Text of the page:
I wanted to be all That
by Jesse Loren
If my identity was shaped or defined by television, I hope it was most shaped by Marlo Thomas. I grew up on The Brady Bunch, The Partridge Family and That Girl. I was the youngest of five kids in a His, Mine and Ours household, but I never saw myself as that petulant Cindy.
My family was musical — my brother would have made the perfect “Danny” — and we could have commandeered a bus from the school across the street, but we were never that organized as a team. No for me, being the youngest without anyone to really identify with, I wanted to be THAT GIRL!
I especially wanted to have the light flash into my eyes and bright teeth as I gleamed the biggest smile of what the world offered me. Yes, I wanted to be Marlo. I wanted eyelashes, big hair, big bangs and New York City. I wanted to twirl in my perfectly short lavender dress with matching umbrella.
I didn’t care about diamonds, but daisies and leaving on a train to get out of the ‘hood of Baldwin Park, California, yes. Any train, anywhere. I would go!
I didn’t want to be tinsel on a tree, I wanted to be the tree.
I wanted to be her — independent, beautiful and unstoppable; just pure beauty, smiles, laughter and sunshine. I wanted to be big eyelashes and wide brimmed hats.
In the opening title, she walks through the street and sees herself as a queen in a department store window. It is as if Marlo present is looking upon the soul of Marlo future. Yes, everything will work out, and you will be crowned a bride and a pageant queen. You are it, girl. That girl. Every dream comes true.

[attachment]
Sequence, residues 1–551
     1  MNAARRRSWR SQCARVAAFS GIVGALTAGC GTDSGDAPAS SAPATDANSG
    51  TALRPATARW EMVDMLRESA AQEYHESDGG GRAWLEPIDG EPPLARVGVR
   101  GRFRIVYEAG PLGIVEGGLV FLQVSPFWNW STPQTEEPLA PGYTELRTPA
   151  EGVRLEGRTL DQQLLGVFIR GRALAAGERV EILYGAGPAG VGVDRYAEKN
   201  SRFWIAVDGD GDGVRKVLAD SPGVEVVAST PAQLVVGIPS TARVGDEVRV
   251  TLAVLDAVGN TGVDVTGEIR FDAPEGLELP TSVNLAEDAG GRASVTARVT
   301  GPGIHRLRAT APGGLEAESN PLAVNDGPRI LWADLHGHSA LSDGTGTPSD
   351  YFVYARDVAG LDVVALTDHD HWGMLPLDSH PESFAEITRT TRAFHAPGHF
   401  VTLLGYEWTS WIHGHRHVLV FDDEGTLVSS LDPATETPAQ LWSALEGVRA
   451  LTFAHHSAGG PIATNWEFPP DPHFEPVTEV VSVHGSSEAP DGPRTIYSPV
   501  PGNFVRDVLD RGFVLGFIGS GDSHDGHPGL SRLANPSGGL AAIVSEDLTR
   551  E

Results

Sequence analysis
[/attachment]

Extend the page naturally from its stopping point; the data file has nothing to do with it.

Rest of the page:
I bought it all, hook, line and sinker, but didn’t ever understand the rest of the theme song lyrics. Sure she would be, (I would be) like sunshine, snowflakes and gingham, but I would also be loved. The lyrics add, “She’s mine alone, but luckily for you, if you find a girl to love, she will be that girl too.”
If I was going to move to New York and become queen of the city, I wouldn’t be able to if I had a man. Unless the man became my New York, and there really was no city, and I was the caged queen bee tucked into a box with a marshmallow plug. Is it just me, or did it seem like we were being offered the keys to the city, but not really “Thee city.”
It might have been a trap.
I never really understood, like bees trying to explain directions to a new hive, I could see the dance of communication, but I didn’t always get where it was going.
I was young, we were all young. We didn’t know how to define ourselves, but television was full of roles. Mom roles, pretty girl roles and sister roles, and art was busy trying to imitate life. Without Marlo and my older mentor Gazelle, I would have never bloomed into me.
Gazelle was 8 years old, a recreation leader at the school across the street, and she became my friend. She took me to her dance classes, college, to Bible study, to bonfires, and dressed me up. I wore Marlo dresses and mascara, heels, and had to exude poise with the adults almost a decade my senior. Gazelle was breathtaking, a dancer, a studio owner, and eventually, a wife and mother. She was an independent mind going to college to make her own life.
Back when I was becoming a grown up, she was, That Girl, the “It Girl,” and everything I hoped my life would become.
For my own daughter, she has a teacher named Sarah Nelson that would be her “That Girl.” Sarah is an exceptionally smart Honors History teacher, and an athlete with a wry wit, giant hazel eyes and the disposition of the big sister any young girl would ever want. To me, she is the perfect role model.
I am glad that Marlo and Gazelle were there for me, and doubly glad my daughter has mentors like Sarah Nelson.